'Stop the nonsense': Lawmakers in one state move to give homeowners more rights in HOA disputes

Lawmakers in Georgia are taking aim at homeowners associations after hearing horror stories from residents who have been fined, sued and threatened with foreclosure.

"It's not just here in Georgia. It's all over, and it's a national problem right now," state Sen. Donzella James told Fox News Digital. "It's just Georgia is one that people are furious over some of the things that's happening."

SMALL BUSINESSES ACCUSE MISSOURI CITY OF FORCING THEM OUT WITH BASELESS BLIGHT LABEL TO SCORE LUCRATIVE DEAL

More than 20% of the Peach State's population lives in neighborhoods governed by community associations, according to 2021 data from the Foundation for Community Association Research. The foundation estimated HOAs collect almost $3.2 billion each year from Georgia residents.

Dues payments can cover shared facilities like gyms and pools, as well as maintenance, and HOAs can fine homeowners if they violate association covenants or fall behind on their dues.

James noted that HOAs began as a way to improve "quality of life" in communities. But homeowners across the state have complained that their associations unfairly hit them with fines, cut off their water after they fell behind on dues and even foreclosed on their homes.

READ ON THE FOX NEWS APP

"There are some predatory HOA fees and they have nothing to control them," James, a Democrat representing Atlanta, said. "And so our biggest problems with that is that people are being … abused and losing their homes over petty things."

WATCH MORE FOX NEWS DIGITAL ORIGINALS HERE

One woman told lawmakers she faced a $25,000 lien after installing a rock garden in her yard, The Atlanta Journal-Constitution reported late last year. A realtor said a client was threatened with $84,000 in arbitrary fines, which dropped to just $600 after they got a lawyer.

"Most people don’t have that extra $5,000 for an attorney," the realtor testified.

This spring, the state legislature overwhelmingly passed House Bill 220 requiring community associations to notify a home or condo owner in writing of any covenant violations and give them time to fix them before pursuing legal action. That law takes effect July 1.

The Senate also passed a resolution creating a study committee to look into HOA rules and potentially pass more legislation protecting property owners. James, a Democrat, pushed the bill for two years before it finally passed, now with bipartisan support.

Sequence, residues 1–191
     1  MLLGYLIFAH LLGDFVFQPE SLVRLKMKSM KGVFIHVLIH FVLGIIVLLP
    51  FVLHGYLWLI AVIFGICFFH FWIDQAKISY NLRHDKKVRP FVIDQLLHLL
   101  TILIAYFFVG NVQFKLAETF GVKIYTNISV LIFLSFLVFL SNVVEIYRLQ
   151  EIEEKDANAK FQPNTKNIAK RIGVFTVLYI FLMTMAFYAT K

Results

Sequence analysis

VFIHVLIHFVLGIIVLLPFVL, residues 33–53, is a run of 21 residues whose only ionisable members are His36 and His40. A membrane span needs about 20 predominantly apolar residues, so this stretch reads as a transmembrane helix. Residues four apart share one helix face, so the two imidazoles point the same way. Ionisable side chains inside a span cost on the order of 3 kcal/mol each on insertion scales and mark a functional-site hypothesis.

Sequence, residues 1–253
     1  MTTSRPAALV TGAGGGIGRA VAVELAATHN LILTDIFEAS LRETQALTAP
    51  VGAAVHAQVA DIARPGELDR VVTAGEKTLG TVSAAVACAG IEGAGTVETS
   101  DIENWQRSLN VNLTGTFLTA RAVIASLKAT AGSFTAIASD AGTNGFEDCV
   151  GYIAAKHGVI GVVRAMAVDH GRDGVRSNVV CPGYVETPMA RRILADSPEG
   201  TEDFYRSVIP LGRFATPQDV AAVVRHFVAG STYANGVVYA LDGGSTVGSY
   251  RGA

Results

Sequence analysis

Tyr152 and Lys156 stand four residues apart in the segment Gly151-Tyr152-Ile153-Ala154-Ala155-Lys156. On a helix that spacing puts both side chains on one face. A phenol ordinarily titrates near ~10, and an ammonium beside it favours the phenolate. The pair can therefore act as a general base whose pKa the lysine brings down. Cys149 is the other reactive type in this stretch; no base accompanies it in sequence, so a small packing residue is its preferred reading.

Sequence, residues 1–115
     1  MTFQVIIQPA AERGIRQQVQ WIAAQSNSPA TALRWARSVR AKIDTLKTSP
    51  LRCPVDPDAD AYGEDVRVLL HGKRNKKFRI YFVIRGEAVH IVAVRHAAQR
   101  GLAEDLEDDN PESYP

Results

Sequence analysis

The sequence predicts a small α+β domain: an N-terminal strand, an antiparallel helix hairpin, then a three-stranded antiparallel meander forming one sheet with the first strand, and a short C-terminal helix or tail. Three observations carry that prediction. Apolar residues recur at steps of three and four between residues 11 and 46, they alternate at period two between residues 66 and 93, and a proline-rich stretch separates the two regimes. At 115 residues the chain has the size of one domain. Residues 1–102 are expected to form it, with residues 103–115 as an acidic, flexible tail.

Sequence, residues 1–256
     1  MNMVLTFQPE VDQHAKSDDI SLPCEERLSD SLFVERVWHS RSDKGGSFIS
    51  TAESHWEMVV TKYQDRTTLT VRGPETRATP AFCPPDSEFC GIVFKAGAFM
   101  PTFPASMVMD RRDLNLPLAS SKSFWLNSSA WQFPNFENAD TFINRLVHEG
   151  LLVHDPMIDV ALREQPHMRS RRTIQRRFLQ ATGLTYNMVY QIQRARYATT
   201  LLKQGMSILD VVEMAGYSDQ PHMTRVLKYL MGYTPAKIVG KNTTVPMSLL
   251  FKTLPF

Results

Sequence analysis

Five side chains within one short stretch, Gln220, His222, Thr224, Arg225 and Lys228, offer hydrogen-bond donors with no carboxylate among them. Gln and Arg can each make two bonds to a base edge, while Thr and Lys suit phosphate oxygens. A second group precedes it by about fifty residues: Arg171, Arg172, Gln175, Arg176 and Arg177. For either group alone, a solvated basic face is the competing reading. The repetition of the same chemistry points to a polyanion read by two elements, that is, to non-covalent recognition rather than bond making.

"We want to make sure that we just stop the nonsense, take care of the people and not put people out of their dream homes," James said.

But other bills that would have created an ombudsman's office to investigate HOA and homeowner disputes, as well as strip HOAs of their ability to foreclose on homes once a member owes $2,000 or more, failed to pass this year.

Tricia Quigley lost her home of nearly two decades after a prolonged battle over dues payments. Attorney fees and interest spiraled out of control, so even after she paid the original debt, she was thousands of dollars in the hole.

Her HOA foreclosed on her house and bought it for $3.24 at auction, according to an 11Alive investigation.

"I don't even know when I'm going to be able to retire now," Quigley told Fox News Digital. "I can't buy another house. It just has totally changed my life."

Foreclosure Home For Sale Real Estate sign in front of house.
Georgia law allows HOAs to put a lien on a member's home and file for foreclosure as soon as they owe $2,000. House lawmakers plan to refile a bill next year that would take foreclosure off the table.

GEORGIA SQUATTERS UNSHAKEN BY RECENT LAW CHANGE, RETURN TO ATLANTA HOME: 'THEY DON'T RESPECT THE LAW'

Julie Howard, an Atlanta-based attorney who represents homeowner and condominium associations, said there are already "due process" requirements before HOAs can foreclose on a home.

"The governing documents are there for the benefit of everyone in the community and the owners elect the members of the board of directors that enforce … the documents that everyone agrees to abide by when they buy in the community," Howard said.

And when people don't abide by those rules, their HOA is entitled to levy late fees, fines and even foreclose on members' homes under the Georgia Property Owners' Association Act — drafted in part by one of the main Atlanta law firms that represents HOAs.

Howard said residents are usually allowed to request a hearing before their HOA board to challenge fines and that owners should be notified every step of the way.

"It’s just not possible for someone to have been foreclosed upon out of the blue under Georgia law," she said.

James' colleagues in the state House have already announced plans to refile their version of the bill that would bar HOAs from foreclosing on homes because of unpaid fees.

"My commitment has always been to ensure that property owners have their rights safeguarded and that we foster a fair and transparent system," Rep. Viola Davis said in a May news release. "The end results must protect the American Dream of Homeownership."

Davis and her two co-sponsors, all Democrats, hope to get the bill to a vote when the legislature returns to session in January.


Original article source: 'Stop the nonsense': Lawmakers in one state move to give homeowners more rights in HOA disputes

Advertisement